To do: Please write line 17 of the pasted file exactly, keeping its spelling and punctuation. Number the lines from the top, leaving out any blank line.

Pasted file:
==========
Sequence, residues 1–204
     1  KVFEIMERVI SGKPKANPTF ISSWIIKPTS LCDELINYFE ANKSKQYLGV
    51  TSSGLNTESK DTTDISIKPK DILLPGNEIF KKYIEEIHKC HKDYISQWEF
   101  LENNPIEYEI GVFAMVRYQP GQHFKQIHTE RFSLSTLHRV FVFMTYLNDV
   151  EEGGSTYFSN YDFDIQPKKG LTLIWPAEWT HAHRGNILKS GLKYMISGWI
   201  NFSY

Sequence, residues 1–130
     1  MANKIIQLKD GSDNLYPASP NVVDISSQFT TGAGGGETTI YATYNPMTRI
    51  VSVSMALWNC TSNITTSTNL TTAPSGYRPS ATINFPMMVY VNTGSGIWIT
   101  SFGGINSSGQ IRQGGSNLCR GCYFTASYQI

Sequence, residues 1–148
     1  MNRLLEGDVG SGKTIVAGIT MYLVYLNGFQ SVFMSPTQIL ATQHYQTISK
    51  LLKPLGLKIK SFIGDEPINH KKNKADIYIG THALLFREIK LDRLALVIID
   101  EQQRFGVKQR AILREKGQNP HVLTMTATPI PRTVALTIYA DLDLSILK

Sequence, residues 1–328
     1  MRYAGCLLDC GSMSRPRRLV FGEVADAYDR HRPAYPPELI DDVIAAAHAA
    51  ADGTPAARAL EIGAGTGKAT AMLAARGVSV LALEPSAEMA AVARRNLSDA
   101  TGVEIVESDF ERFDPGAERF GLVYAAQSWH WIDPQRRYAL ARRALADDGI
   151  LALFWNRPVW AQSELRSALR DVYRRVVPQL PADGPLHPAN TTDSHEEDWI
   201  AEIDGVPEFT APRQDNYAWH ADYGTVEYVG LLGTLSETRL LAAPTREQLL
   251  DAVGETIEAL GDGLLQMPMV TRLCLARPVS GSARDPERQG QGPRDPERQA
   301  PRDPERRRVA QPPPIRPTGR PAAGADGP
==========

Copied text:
    51  ADGTPAARAL EIGAGTGKAT AMLAARGVSV LALEPSAEMA AVARRNLSDA